Simultaneous/ Sequential

Simultaneous games are the one in which the movement of two players is simultaneous. In the simultaneous move, players do not have known about the move of other players. On the contrary, sequential games are the one in which players are aware of the moves of players who have already adopted a strategy.

However, in sequential games, the players do not have a deep knowledge about the strategies of other players. For example, a player has knowledge that the other player would not use a single strategy, but they are not sure about the number of strategies the other player may use. Simultaneous games are represented in normal form while sequential games are represented in extensive form.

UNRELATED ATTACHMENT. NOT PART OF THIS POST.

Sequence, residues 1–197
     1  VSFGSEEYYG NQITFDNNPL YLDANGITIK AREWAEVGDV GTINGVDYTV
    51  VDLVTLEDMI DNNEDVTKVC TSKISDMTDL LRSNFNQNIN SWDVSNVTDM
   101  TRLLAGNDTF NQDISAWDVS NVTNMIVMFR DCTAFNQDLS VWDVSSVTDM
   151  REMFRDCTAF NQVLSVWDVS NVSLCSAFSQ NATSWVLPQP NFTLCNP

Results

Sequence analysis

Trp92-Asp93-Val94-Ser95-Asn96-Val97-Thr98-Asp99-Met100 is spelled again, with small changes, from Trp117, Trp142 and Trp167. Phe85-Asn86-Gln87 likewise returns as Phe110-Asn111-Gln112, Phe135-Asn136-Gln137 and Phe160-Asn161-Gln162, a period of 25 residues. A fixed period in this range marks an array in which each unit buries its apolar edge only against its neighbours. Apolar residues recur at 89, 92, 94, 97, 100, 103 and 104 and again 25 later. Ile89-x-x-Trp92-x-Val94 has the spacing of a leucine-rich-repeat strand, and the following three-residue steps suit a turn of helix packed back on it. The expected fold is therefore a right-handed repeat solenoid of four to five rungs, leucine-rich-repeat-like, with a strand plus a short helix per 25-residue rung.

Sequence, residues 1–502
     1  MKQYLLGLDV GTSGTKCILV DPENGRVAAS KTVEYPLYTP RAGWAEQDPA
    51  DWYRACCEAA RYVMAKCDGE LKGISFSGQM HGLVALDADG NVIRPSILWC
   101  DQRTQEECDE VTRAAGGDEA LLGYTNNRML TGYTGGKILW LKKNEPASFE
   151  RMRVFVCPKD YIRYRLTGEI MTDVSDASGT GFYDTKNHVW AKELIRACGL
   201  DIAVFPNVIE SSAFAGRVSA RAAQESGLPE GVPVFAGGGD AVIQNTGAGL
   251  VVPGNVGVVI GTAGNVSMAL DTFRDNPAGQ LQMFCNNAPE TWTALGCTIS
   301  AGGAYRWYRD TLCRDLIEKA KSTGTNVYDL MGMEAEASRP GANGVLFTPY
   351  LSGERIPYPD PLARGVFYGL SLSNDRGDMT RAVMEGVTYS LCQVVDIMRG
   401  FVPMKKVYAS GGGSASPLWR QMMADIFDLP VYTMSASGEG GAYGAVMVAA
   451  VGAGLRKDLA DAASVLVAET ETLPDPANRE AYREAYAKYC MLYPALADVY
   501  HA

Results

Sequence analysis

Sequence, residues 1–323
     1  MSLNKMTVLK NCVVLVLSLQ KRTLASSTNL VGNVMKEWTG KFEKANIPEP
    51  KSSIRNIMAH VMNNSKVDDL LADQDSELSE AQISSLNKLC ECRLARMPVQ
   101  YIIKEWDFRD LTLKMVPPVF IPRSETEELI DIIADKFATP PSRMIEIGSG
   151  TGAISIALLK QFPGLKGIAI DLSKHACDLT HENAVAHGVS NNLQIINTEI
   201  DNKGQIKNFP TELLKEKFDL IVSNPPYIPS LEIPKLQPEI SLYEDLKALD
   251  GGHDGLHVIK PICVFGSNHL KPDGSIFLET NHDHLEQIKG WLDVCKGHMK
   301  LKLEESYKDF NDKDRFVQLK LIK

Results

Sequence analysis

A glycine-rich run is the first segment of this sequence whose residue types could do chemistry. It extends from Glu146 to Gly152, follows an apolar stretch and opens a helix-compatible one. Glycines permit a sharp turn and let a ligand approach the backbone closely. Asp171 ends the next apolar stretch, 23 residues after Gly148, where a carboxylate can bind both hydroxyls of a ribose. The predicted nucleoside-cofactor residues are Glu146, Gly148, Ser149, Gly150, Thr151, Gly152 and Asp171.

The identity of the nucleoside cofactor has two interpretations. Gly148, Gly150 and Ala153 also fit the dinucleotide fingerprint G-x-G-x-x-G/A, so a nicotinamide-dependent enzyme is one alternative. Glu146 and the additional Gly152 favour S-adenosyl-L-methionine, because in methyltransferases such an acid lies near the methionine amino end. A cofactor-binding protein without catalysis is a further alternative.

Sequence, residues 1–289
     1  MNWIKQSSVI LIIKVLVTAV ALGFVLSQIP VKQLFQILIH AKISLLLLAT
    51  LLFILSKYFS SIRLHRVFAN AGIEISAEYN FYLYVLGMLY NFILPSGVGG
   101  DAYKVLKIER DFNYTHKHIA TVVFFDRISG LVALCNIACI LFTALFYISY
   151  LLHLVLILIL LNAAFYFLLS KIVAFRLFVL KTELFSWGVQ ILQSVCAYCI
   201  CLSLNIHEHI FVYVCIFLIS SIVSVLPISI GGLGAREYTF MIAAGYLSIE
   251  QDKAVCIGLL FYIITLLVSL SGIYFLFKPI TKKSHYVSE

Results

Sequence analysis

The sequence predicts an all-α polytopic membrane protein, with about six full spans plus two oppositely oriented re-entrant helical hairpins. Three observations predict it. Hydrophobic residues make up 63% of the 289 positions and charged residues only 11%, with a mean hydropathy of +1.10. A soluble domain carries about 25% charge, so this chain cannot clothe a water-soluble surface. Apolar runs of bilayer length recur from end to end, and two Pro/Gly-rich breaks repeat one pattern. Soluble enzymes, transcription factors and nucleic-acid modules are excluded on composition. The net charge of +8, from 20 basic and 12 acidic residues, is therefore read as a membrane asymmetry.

In sequential, they know prior knowledge of the opponents moves but in simultaneous, they don’t. Sequential is more of an extensive game. An extensive game is allowing explicit representation of a number of important aspects, like the sequencing of players’ possible moves, their choices at every decision point, the information each player has about the other player’s moves when he makes a decision, and his payoffs for all possible game outcomes. (Game theory I: Extensive form) Simultaneous is more of a strategy game. A strategy game is in which the players’ uncoerced, and often autonomous decision-making skills have a high significance in determining the outcome. Almost all strategy games require internal decision tree style thinking, and typically very high situational awareness. (admin, 2010)